The Jaguar E-Type was first revealed on 15 March 1961 in Geneva to huge excitement from the world's press. Sir William Lyons, the founder of Jaguar, realised that he had something very special on his hands and had a second car delivered overnight from Coventry to Switzerland in order to accommodate more test runs at the show.
The E-Type was a revolutionary car in many ways but it was Malcolm Sayer's beautiful bodywork that set it apart from anything else on the road. With its faired-in headlamps, a long, sculpted nose and centred twin exhaust, there was nothing else like it and the car remains a unique proposition today. The E-Type is still considered by many to be one of the greatest car designs ever, with Enzo Ferrari famously describing it as "the most beautiful car in the world."
It wasn't just the looks that made the E-Type a revelation though: with a launch price of around £2,250 (about £38,000 in today's money), it was surprisingly affordable. Dig a little deeper into the technical details of the car and you'll find that it featured a monocoque construction, independent rear suspension and all-round disc brakes: all very advanced for the 1960s.
The Jaguar E-Type's 3.8-litre straight-six engine took part in five Le Mans victories for Jaguar in the 1950s (in the Jaguar C-Type and D-Type racers), and with 265bhp, it's no slouch even by today's standards. It was claimed that the car could reach 150mph, so for a time it was the fastest production car in the world.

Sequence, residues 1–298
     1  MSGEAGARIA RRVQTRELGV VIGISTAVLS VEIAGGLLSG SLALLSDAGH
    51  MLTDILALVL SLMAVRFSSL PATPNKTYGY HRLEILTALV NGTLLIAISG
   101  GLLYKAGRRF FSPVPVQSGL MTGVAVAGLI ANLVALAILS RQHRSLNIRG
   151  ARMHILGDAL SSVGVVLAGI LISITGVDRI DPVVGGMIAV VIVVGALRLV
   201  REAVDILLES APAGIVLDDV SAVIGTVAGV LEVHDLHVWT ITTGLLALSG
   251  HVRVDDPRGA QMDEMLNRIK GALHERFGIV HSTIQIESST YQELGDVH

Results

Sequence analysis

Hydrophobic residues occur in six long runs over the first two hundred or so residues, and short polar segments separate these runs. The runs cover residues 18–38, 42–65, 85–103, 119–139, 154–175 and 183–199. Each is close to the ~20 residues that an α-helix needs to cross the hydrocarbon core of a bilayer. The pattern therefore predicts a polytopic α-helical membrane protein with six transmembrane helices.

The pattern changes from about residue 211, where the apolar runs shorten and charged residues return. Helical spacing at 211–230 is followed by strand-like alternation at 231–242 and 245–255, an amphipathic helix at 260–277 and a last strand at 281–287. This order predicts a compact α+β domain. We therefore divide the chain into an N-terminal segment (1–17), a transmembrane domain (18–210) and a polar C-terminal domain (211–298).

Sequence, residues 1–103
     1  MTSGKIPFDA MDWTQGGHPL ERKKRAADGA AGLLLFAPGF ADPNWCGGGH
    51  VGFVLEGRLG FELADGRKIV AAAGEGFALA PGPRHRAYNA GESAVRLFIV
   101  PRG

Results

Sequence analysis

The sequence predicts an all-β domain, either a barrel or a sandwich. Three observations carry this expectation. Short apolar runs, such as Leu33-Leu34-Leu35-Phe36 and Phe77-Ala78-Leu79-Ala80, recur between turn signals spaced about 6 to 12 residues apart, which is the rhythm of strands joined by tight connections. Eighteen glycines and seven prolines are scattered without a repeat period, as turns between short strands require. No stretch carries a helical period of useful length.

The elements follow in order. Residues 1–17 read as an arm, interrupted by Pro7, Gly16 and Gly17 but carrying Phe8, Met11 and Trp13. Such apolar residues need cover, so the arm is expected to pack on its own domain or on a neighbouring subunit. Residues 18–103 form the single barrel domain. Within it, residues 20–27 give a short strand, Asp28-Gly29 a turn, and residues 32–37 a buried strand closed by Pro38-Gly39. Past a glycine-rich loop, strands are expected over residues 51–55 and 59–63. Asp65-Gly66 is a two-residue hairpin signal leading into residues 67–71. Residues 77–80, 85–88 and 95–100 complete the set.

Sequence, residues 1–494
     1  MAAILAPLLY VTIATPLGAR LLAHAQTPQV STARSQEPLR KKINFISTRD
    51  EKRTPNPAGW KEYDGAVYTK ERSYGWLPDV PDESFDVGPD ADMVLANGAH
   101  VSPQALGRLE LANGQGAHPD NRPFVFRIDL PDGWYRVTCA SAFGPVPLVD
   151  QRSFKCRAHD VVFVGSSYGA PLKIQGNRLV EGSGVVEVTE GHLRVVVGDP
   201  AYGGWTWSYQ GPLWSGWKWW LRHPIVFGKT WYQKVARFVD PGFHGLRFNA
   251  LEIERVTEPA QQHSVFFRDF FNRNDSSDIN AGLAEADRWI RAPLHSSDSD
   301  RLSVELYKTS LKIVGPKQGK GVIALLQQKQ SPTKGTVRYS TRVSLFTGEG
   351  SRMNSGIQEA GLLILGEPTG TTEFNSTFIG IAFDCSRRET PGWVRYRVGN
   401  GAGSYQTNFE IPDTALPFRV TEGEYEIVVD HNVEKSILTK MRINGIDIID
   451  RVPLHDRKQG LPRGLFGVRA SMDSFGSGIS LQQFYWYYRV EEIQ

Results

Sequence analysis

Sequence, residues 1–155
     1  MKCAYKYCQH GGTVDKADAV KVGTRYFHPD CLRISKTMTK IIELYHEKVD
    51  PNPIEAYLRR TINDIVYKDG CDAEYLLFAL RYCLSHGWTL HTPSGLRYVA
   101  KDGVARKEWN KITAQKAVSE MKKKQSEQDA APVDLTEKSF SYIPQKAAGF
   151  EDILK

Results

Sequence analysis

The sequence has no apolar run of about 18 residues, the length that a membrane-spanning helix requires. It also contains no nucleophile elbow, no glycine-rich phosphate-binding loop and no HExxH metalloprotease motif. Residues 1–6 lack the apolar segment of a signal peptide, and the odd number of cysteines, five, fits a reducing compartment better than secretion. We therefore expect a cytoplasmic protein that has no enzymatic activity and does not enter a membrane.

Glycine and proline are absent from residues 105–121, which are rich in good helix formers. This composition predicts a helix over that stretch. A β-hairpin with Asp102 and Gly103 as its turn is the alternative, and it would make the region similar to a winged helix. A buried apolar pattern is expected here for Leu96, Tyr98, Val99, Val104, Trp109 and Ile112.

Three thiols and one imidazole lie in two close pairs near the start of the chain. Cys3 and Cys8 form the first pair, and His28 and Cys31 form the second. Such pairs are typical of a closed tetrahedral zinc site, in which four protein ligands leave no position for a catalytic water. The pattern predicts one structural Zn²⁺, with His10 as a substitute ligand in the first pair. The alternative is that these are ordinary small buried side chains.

The production numbers are equally impressive: the E-Type was in production for 14 years, selling over 70,000 units in that time. The Series 2 and 3 cars lost some of the original's purity, with a larger grille, wider wheelarches and bigger bumpers being added that distorted the looks, but there's no doubting the power of that hugely desirable E-Type badge that remained on the car.
Back in 2011, the 50th anniversary of the E-Type's debut at Geneva, we headed to Coventry to drive one of the early Series 1 cars, built in 1963. Under the elegant bonnet is a 3.8-litre straight-six producing around 261bhp. It gives 0-62mph in around seven seconds, and top speed is a claimed 150mph – although few customer models could reach the magic figure.
Twist the ignition key, push the starter button and the engine bursts into life with a growl from the twin exhausts. On the move, you’re reminded how far things have moved on in the past half century. There’s no synchromesh on first and second gears, so a gentle touch is required to engage them, while the brakes need a much firmer push before anything happens.
Yes, it feels old by today’s standards, but the E-Type was cutting edge in the Sixties, with its monocoque construction, independent rear suspension and all-round disc brakes. In corners, it feels planted and responds adeptly to steering inputs, although there is a fair amount of body roll.
Still, the ride is extremely comfortable: the soft suspension helps the Jag glide over uneven road surfaces, while the thick-walled tyres iron out any small imperfections in the surface. Of course, the E-Type can’t compete with today’s finely honed models – but it’s a measure of the firm’s genius that for sheer driving pleasure, it’s still up there with anything else on the road.
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